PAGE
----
I got married around 2 years back and marrying him has surely been the best decision of my life. I love him dearly – he is my best friend and my biggest supporter. We have seen each other in the best and worst days now – sickness, bad moods, and tantrums. We have jointly bought our new home recently.
Today is Karva Chauth, the day on which you have instructed women to pray for the longevity of our husbands’ lives. The usual mandate by you to ensure that our prayers are answered is – fast from sunrise to moonrise without any food (and water, too in some households). Also, the evening pooja has to be done only after we get dolled up with sindoor, bangles, toe rings, bindi and the traditional red color saree.
I decided to skip the ritual of the fast entirely. I ensured that I ate well like I do on most days.
You ask – Why did I do so?
I didn’t fast today because I don’t think it helps my husband’s life and prosperity. You being the society have made norms and asked everyone to follow them since several years. But, I think you made a critical mistake in not considering an important part of a free, progressive society – choice. You have not asked for the choice of wives, you have just made these customs compulsory for almost every Hindu married woman. Don’t you think you need to reconsider your stand?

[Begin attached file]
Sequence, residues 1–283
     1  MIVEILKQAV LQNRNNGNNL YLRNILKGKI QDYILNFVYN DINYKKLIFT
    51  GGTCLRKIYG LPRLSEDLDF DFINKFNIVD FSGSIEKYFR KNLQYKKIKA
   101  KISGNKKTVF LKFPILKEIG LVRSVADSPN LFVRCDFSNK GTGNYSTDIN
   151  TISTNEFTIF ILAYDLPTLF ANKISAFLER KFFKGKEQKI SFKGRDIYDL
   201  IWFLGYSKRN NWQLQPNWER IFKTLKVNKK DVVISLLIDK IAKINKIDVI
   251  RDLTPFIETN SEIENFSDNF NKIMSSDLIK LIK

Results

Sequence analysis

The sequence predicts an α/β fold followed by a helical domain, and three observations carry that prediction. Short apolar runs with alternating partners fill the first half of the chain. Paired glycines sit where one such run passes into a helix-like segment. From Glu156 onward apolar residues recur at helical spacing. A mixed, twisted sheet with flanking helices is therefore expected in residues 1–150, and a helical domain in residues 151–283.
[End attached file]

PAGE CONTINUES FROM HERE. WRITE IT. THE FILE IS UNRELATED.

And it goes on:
How will starving add years to my husband’s life?
When I told people that I didn’t fast, they raised eyebrows and exclaimed surprise. One of the elder relatives even responded saying,
“Looks like you don’t care about your husband at all. These modern girls do not understand the importance of marriage and customs at all!”
Many others nodded their head in agreement. They were quick to conclude that people like me do not make for a caring wife. They were furious to know that I disrespected such an age long tradition. The surprising fact is none of them knew how fasting would increase my husband’ life in any rational way.
One of them retorted that the fast is kept for the love of the husband. I appreciate her emotion but that leads to another question – Why is fasting restricted to only one partner? Should both of them not do it for the love of the other?
Honestly speaking, this tradition is an example of gender inequality that has been seethed in you since ages. It subtly says that a wife needs to prove her love for the husband because the man is more important than a woman is. As an educated woman, I refuse to accept this notion. I truly believe that men and women are equals.
Also, considering that I am a working woman, a complete day’s fast is not ideal for my office duties. The more important thought is that I don’t even feel the need of keeping the fast.
I believe that there are many other things that a wife can do to increase her husband’s life and prosperity – being understanding and supportive is the most important. Also, taking care of one’s health will bring much more happiness to their lives rather than falling sick.
Let me be clear –
I am not against those who follow such tradition by their own choice. I am against those who judge other women who do not follow this tradition. Everyone needs to understand the importance of choice in our personal lives.
I ask you to understand one simple fact – even those who do not believe in fasting are good wives. Let’s reconsider such a tradition which leads to weakening of health. Let’s empower everyone with the power of choice.